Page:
397162 Metabolic reprogramming of hypoxic cancer cells

Sunday, November 16, 2014
Galleria Exhibit Hall (Hilton Atlanta)
Woo Suk Ahn, Department of Chemical Engineering, Massachusetts Institute of Technology, Cambridge, MA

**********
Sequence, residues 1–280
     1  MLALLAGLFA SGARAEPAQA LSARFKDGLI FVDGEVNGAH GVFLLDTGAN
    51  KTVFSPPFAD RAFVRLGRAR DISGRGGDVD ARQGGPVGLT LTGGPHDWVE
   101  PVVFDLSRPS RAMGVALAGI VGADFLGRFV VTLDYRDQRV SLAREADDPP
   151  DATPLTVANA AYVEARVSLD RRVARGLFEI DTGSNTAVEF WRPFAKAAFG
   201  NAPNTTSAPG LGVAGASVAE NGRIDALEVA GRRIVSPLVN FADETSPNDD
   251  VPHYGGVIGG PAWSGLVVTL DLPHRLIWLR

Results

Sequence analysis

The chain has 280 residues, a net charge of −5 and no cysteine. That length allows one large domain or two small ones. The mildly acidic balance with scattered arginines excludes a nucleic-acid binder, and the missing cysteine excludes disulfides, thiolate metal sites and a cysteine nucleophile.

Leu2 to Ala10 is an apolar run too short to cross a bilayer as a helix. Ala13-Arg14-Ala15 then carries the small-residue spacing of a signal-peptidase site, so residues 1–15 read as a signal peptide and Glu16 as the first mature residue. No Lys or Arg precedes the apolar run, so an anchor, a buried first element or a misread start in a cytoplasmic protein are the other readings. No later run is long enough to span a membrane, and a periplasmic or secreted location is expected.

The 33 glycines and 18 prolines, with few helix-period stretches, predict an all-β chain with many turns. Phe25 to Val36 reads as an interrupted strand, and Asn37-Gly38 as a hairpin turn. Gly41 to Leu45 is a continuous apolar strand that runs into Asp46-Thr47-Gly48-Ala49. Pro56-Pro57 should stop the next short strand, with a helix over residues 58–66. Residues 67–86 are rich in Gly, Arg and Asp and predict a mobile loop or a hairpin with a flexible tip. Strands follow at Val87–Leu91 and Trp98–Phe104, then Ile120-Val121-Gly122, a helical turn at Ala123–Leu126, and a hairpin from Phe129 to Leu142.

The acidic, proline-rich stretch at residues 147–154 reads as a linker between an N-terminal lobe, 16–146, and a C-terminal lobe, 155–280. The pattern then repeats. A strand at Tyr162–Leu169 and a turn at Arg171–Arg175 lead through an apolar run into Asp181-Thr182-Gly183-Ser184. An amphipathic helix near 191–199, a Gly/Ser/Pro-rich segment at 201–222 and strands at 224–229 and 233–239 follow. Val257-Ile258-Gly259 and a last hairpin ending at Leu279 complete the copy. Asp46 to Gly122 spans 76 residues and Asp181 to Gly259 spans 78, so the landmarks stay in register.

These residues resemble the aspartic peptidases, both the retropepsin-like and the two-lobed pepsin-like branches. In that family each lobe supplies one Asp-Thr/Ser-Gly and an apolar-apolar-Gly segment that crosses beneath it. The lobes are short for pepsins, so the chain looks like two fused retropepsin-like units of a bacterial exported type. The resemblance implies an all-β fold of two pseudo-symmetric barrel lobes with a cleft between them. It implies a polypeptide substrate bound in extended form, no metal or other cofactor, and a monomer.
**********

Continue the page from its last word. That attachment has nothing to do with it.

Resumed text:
Cancer cells survive under nutrient-limited conditions to surpass normal cell growth. For example, oxygen-limited conditions significantly influence cancer cell metabolism; hypoxia aggravates the Warburg effect by elevating the conversion from glucose to lactate significantly in cancer cells because one oncogene, hypoxia-inducible factor (Hif) increases the expression of metabolic genes in glycolysis. Consequently, it inhibits pyruvate dehydrogenase via activating pyruvate dehydrogenase kinase to decrease oxidative phosphorylation in the TCA cycle. These are key events in tumorigenesis and proliferating cells. Thus, the study of cancer metabolism under hypoxia provides valuable insights in understanding cancer progression and potentially discovering novel therapeutic targets. However, the simple measurement of extracellular metabolites or gene expression levels can provide only limited information on cancer metabolism because most in vivo metabolic fluxes consist of reversible reactions and metabolic pathways are also connected to each other. Here, we quantified the metabolic fluxes covering glycolysis, the pentose phosphate pathway and the TCA cycle using 13C-metabolic flux analysis with human cancer cell lines. Furthermore, we validated the observed metabolic behaviors using shRNA knock-down and over-expression cell lines for specific genes. In this course of study, we identified the significant role of hypoxia in regulating cancer cell growth through molecular regulation and metabolic reprogramming by the Hif oncogene.

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